Moderate House Democrats, who are witnessing a loss of at least nine House seats as of Nov. 17, blasted their progressive House colleagues in a three hour conference call Nov. 5 for calling their very progressive agenda “socialist” and for actually defending a very progressive agenda.
They have a legitimate two-part critique.
The Democratic Party has fallen into the language trap again, only this time they themselves have used some of the key words and talking points that the Republicans previously used to defeat both sitting members and Democrats running for open seats.
There is a straightforward solution to the language issue, while the substantive policy issue is much more complicated. Democrats need to stop using the following words: socialism, capitalism, and liberalism. Each of these words ruins them.
The word they should use, which is actually two words with one hyphen connecting them, two words which are arguably most accurate from an academic point of view, are these: “mixed-economy.” This term became popular in post-World War II Great Britain and was used to describe economies that were a mixture of capitalism and socialism.
It is not a sexy word, but it tells the truth.
Mixed-economies fall in between economies that revolve around the private ownership of the means of production and the public ownership of the means of production. These economies have political mechanisms that redistribute income (and to some extent wealth) and regulate business and the private sector in general. Mixed-economies may have some government institutions that replace private sector mechanisms with public ones, such as health care and child care.
Democrats who support policies that speak to a robust mixed-economy, like “Medicare for All,” should defend those policies but not call them “socialist” policies. Indeed, they should not say that Medicare for All is part of a liberal, socialist, or capitalist point of view. Instead, they should say these policies are part of a robust mixed-economy.
None of the old labels help the Democrats.
“Liberalism” is the old “L” word that has little value in the political arena. It has been a coffin word for several decades.
“Socialism” is a disaster for the vast majority of candidates. This word not only falsely describes policies like Medicare for All and Universal Pre-K, it has connotations associated with Marxism, totalitarian Russia, totalitarian China, and totalitarian Cuba.
“Capitalism” is not, as a rule, a good word to use because it makes many people think of hands-off laissez-faire capitalism, Herbert Hoover style — and Democrats don’t support old-style, pre-New Deal capitalism. Actually, Republicans — by and large — don’t support it either. Most Republicans in Washington, including President Trump, support the mixed-economy, admittedly a more modest version than most Democrats but a mixed-economy nonetheless.
Fancy terms like “Green Capitalism” and “Responsible Capitalism” are also confusing and should, like tanning machines, be avoided.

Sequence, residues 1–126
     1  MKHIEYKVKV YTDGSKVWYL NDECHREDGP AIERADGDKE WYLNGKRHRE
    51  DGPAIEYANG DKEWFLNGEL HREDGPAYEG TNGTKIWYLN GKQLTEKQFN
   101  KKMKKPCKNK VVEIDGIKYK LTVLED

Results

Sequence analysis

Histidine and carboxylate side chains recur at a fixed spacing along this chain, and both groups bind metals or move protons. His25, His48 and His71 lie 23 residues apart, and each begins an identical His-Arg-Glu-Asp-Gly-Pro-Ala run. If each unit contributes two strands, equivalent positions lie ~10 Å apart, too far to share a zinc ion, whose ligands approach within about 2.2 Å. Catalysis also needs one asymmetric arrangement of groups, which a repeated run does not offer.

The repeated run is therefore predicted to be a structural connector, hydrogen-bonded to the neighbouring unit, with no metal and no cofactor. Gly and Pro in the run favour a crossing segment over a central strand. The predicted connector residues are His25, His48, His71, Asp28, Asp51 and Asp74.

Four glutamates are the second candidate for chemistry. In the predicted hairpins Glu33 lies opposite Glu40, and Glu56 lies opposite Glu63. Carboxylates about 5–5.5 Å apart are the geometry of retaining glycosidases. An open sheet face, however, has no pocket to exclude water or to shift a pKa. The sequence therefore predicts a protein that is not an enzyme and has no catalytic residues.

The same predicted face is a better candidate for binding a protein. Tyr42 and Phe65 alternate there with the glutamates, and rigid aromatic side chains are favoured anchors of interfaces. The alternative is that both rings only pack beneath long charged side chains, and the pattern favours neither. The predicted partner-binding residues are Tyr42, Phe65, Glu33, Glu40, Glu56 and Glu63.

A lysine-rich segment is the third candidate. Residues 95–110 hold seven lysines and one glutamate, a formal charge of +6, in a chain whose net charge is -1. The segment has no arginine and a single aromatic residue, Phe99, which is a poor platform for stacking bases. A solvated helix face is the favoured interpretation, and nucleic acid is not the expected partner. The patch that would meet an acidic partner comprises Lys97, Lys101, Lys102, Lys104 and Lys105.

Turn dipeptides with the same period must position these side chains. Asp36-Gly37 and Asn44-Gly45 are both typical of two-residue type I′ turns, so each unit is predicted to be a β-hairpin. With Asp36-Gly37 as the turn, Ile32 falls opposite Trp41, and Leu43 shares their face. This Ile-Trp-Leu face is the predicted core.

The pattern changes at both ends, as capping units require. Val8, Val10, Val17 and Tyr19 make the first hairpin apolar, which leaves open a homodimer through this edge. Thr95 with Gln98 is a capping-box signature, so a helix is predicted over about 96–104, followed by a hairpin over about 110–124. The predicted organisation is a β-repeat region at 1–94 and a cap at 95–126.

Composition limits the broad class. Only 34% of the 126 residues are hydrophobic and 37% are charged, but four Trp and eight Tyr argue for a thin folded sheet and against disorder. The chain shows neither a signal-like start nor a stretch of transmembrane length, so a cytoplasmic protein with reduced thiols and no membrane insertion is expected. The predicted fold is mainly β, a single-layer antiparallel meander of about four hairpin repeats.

It is time, therefore, to jettison the words liberalism, socialism, and capitalism from Democratic Party talking points. Moreover, Democrats need to drop their paternalistic postures and stop assuming that citizens can’t process terms like “mixed-economy” or be motivated by them.
By avoiding the truth, Democrats force citizens, politicians and pundits to make a choice: You are either a capitalist or a socialist. Those — in the current climate — are the only two possibilities. So you either boast that you’re a capitalist to prove you’re not a Cuban communist — or you say you’re a socialist when you’re not. And then Republicans accuse you of being an anti-American radical left-winger who hates the free enterprise system and favors hand-outs over hard work and patriotism.
The centrist Democrats have a solid criticism of the progressives.
What they don’t have is a solution to the problem.
Using the term “mixed-economy” rather than socialism, capitalism or liberalism — or “welfare state” for that matter — is a first step.
A second step would be to craft policies that reflect a creative synthesis and not just a bland compromise of moderate and progressive values. These policies — along with the “mixed-economy” term — need to be woven together with a vision for the country that will also address the tribal identity conflicts that have arisen in recent years.
The Democrats must take the lead on introducing a new set of words and an ambitious approach to policy and conflicts that will speak to the centrists, progressives and the millions of citizens who did not vote for Joe Biden or for Democratic candidates in the House or Senate.
The place to start is healing the division within the Democratic Party itself.
Dave Anderson is the editor of “Leveraging: A Political, Economic, and Societal Framework” (Springer, 2014). He is also the author of “Youth04: Young Voters, the Internet, and Political Power” (W.W. Norton & Company, 2004) and co-editor of “The Civic Web: Online Politics and Democratic Values” (Rowman and Littlefield, 2003). He has taught at George Washington University, the University of Cincinnati, and Johns Hopkins University. He was a candidate in the 2016 Democratic Primary in Maryland’s 8th Congressional District. Contact him at firstname.lastname@example.org.